composed of the great officers of state, and of others named by the King, but by fixed rules, exercised the executive power. The King was little more than President of the Council, and Commander of the Forces. The clergy being impoverished by the Reformation, and the towns not having acquired importance by traffic, the whole power of the States-General was substantially vested in the order of nobility, who became the absolute masters of the State. The peasants, at least of the Royal demesnes, had, till the reign of Waldemar II. in 1240, formed a fourth estate as in Sweden, and in the Tirol; but with the exception of a few districts in Jutland, they had fallen into that condition of villanage in which the peasants on the lands of the nobility (as far as our dim lights reach) appear previously to have been. A more exact account of the state of the Scandinavian Serfs, and of the causes which reduced them to bondage, in a country where there was no foreign conquest to account for so wretched a degradation, would be a valuable contribution towards the history of the rise, progress, and decline of personal and predial slavery in Europe; a work yet to be written, which would fill up an important void in the annals of the human race. In Great Britain such a work might prove of great and immediate utility, by contributing somewhat towards the solution of the tremendous problem which the situation of her American colonies now presents; though it would neither answer that nor any other valuable purpose, if the mind of the writer were contracted by a regard to passing events. There seem to be few undertakings more likely to requite the labour of an impartial and industrious writer of pure taste, and acute discernment, with a mind enlarged by philosophy, and well acquainted with the laws and languages of the European nations. It might be worthy of the historian of the middle ages, if he were not employed in continuing that part of his great work, which relates to the constitutional history of his own country.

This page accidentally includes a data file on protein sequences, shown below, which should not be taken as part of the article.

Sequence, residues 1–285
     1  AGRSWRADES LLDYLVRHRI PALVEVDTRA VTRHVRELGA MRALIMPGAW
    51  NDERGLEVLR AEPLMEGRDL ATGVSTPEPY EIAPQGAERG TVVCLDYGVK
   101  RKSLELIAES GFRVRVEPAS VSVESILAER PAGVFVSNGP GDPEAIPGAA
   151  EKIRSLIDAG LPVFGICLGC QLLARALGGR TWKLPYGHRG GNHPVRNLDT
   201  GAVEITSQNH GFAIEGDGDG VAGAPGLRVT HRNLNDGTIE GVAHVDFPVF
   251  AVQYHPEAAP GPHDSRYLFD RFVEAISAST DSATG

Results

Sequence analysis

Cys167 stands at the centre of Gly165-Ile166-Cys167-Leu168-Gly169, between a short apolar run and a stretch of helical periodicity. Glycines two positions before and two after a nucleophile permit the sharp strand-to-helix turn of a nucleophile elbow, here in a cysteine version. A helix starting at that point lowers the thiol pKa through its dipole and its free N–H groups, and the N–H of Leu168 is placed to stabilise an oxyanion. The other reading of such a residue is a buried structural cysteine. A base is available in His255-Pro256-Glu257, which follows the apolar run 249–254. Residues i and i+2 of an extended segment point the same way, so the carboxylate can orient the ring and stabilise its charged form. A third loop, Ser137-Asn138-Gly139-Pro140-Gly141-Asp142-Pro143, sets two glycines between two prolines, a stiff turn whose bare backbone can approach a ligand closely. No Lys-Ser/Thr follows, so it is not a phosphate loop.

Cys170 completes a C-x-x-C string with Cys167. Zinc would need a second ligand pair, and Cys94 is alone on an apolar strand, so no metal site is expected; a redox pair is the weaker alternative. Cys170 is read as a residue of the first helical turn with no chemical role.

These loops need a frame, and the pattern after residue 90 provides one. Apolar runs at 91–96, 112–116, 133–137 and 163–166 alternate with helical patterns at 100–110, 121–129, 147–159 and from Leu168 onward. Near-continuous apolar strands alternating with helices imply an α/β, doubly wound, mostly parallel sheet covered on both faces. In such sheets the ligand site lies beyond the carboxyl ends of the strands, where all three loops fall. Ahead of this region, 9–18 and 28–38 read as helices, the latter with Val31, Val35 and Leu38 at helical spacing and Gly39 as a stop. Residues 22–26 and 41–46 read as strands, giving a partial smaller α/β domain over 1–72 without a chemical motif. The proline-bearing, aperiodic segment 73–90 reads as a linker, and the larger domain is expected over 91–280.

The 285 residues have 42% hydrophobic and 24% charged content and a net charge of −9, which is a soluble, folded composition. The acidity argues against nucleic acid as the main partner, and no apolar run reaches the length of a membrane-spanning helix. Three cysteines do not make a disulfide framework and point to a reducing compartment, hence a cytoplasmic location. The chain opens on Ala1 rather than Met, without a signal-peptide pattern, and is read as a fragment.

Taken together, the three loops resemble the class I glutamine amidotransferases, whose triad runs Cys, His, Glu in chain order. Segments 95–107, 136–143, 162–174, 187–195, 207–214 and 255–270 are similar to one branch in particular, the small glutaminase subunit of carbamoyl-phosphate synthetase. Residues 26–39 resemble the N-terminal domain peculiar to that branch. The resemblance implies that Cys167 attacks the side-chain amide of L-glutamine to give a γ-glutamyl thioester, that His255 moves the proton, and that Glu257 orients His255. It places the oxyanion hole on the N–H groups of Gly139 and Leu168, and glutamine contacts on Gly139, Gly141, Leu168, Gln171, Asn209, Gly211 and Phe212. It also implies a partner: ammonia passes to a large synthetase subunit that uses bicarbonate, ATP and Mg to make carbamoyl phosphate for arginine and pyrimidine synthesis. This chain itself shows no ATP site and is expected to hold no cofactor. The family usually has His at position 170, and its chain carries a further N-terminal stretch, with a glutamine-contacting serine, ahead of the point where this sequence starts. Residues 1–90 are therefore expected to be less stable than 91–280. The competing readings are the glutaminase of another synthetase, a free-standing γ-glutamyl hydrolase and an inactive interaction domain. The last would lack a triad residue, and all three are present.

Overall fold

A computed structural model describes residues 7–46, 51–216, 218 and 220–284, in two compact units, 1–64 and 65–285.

In the reign of Frederic III., who ascended the throne in 1648, Denmark was engaged in a disastrous war with Sweden, her provinces on the north of the Baltic were reduced, the ca

* How can the antiquity of families be ascertained in Denmark, where few of the nobility had surnames till the Reformation? There were no titles of honour known in Sweden till the reign of Gustavus Vasa, in the middle of the sixteenth century; nor we believe in Norway till our times. Did any nobility exist anciently in these countries? What is the history of the order of peasants in the Swedish Diet, and of slavery in Sweden? We are unable to give a satisfactory answer to these questions.

pital was on the eve of surrender, and the monarchy was preserved from annihilation by the fleets of the republics of England and Holland. The peace was disgraceful, the country had been laid waste, the finances were exhausted, the army was unpaid and mutinous, the administration discredited, and the government without power. No resource seemed to remain but an assembly of the States who were expected in some degree to restore order and general confidence.